Comedy/Adventure/Drama, 133 Minutes, 2017
This is an incredibly fun movie. Tom Holland [IMDB] is perfectly cast and Michael Keaton [IMDB] is always on his game. There’s thrills, chills and spills. The character’s integration into the larger Marvel Cinematic Universe is clean and elegant. It’s absolutely worth your time and money.
…it’s missing something. It’s funny, warm and gorgeous, but also – and there’s no gentle way to say this – shallow. Shallow as in, “no depth.” Emotional moments are effective within the framework of the film without being truly meaningful or memorable.
The simplest problem is simple bathos. Very few moments are allowed to build passed anything but a mood destroying quip. They’re good quips, mind. Some are even delivered by the most impressive, deluxe and traditional of means: the fat, funny, best friend! You’ll laugh so hard that you’ll almost forget how empty and fleeting it is.
A fear of emotion has been an issue for most of the later Marvel movies. A more serious problem for “Spiderman” is a persistent unwillingness to embrace the mythology of the character. It’s so desperately worried about being compared to previous incarnations that it hamstrings itself.
[Minor Spoilers Follow]
The film smartly skips the origin story. We know how it goes; we’ve seen two big-screen versions of it in the past 15 years after all. Peter Parker is bitten by a radioactive spider and gets powers. It’s simple and everybody knows it. It’s the mechanical part of his origin, the technical part.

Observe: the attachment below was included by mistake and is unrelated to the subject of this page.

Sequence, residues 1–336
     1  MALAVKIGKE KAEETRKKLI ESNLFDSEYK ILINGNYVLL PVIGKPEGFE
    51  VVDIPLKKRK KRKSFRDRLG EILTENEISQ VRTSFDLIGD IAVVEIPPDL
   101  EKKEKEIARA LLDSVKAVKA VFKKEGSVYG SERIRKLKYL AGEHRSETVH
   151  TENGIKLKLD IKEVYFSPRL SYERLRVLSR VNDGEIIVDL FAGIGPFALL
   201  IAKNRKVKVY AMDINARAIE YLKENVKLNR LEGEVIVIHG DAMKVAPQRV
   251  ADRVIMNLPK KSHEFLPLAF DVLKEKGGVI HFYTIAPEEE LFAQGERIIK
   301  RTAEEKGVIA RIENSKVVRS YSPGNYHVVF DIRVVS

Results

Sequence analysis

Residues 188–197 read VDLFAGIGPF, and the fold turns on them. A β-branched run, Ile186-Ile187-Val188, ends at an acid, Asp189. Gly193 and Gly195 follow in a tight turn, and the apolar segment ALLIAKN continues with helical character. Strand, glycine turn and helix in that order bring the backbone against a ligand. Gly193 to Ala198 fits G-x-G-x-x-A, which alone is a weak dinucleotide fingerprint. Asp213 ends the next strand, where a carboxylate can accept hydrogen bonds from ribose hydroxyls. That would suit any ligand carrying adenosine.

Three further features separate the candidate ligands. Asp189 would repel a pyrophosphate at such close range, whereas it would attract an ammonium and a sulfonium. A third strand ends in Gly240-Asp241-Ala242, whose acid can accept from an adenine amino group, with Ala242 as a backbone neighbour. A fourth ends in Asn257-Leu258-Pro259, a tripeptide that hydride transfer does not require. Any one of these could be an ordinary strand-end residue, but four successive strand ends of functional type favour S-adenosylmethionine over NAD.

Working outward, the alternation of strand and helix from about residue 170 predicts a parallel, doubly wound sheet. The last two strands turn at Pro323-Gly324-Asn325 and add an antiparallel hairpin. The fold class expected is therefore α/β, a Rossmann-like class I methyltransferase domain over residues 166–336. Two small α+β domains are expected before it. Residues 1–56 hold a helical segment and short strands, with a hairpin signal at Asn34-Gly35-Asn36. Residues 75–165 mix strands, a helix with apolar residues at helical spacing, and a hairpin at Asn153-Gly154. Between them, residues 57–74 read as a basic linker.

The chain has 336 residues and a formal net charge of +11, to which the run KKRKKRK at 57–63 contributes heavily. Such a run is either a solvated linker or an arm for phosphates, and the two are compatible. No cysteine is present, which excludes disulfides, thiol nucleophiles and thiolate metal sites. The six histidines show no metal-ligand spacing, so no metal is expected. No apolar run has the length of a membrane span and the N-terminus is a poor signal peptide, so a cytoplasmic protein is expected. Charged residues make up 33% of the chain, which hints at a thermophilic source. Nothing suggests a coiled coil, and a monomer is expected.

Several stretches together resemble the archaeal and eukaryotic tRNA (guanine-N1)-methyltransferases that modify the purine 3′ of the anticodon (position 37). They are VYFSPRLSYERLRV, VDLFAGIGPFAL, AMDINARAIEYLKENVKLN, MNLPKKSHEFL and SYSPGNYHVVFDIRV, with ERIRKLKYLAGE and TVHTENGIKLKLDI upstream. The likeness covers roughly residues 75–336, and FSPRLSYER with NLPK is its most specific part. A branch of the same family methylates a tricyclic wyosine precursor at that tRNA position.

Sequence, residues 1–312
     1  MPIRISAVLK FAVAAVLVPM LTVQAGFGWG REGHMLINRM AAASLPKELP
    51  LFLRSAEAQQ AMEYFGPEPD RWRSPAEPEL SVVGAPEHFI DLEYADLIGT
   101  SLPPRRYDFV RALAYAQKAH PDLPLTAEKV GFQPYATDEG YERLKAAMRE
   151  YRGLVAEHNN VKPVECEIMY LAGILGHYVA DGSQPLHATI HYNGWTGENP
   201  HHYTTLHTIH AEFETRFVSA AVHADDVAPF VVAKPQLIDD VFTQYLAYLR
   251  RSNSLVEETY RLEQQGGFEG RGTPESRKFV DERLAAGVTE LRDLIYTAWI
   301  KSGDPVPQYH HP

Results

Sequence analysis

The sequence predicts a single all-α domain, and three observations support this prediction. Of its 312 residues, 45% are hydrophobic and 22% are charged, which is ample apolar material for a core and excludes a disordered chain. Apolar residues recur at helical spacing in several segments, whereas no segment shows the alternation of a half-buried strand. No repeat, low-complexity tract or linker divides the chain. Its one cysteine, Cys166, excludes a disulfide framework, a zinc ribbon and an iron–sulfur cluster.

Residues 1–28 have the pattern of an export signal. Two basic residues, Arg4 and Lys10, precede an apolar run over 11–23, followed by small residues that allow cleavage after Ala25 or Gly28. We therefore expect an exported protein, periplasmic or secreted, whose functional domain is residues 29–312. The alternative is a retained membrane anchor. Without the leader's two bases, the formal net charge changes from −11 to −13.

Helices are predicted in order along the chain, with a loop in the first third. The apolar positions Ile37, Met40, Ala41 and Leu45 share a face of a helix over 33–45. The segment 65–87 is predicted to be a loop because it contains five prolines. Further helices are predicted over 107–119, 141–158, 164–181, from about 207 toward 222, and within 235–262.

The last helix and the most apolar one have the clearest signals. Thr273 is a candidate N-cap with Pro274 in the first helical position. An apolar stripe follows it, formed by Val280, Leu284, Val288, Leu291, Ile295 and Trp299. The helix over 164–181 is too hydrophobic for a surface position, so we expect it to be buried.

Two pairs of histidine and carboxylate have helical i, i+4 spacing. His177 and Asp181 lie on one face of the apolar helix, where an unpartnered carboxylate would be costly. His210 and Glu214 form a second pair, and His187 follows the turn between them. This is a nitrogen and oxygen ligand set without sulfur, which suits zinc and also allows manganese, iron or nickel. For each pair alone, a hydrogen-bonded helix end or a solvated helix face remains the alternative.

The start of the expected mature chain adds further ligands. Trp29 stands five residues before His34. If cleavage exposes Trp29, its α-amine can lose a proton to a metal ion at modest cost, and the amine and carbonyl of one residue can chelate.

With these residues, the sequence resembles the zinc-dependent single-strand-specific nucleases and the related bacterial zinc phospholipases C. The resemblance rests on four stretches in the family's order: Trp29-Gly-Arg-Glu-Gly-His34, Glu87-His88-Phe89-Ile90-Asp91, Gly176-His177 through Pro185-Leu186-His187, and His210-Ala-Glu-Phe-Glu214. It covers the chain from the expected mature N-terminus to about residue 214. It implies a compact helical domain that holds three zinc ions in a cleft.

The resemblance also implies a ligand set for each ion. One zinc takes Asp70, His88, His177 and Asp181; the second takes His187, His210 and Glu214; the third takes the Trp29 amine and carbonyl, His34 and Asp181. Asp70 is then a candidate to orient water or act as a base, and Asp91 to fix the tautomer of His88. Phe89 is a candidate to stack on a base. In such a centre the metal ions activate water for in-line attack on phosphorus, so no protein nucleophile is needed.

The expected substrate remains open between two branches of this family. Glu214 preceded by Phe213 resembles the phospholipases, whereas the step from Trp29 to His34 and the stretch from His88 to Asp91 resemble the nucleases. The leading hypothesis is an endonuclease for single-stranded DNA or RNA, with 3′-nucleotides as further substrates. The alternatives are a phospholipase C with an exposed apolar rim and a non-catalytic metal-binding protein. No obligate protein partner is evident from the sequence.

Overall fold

Unfortunately the film also tosses the meaningful, emotional part of the story: Peter allowing a criminal to escape who later kills his beloved uncle, Ben. That crushing guilt pushes Peter to do better, to ignore his personal desires and to be a hero. In this movie, Uncle Ben is literally never mentioned. Here, Peter’s primary motivation is to impress Tony Stark.
It works, it makes sense and it’s simple. It also lacks depth, conflict and meaning.
One of the staples of the character and of the previous films, is his close ties to New York City. While many Marvel characters are based in New York, few inhabit the city so completely. Few images are as uplifting as Spiderman clinging to its iconic architecture. Few scenes are as powerful as when the people of the city selflessly stand by their hero.
There’s almost none of that here. Much of the action takes place outside the city or in generic-looking suburbs. Nearly all of the direct conflicts are lonely, one-on-one affairs far from witnesses. New York, such a strong character in and of itself, is all but ignored. Neutered.
The movie is good. It’s simply not deep. I’ve written before about how deeply moving 2004’s Spiderman 2 [IMDB] was. It was a movie that stuck with you. It choked you up and made you feel. This one doesn’t. That’s not necessarily a bad thing, but it is a missed opportunity.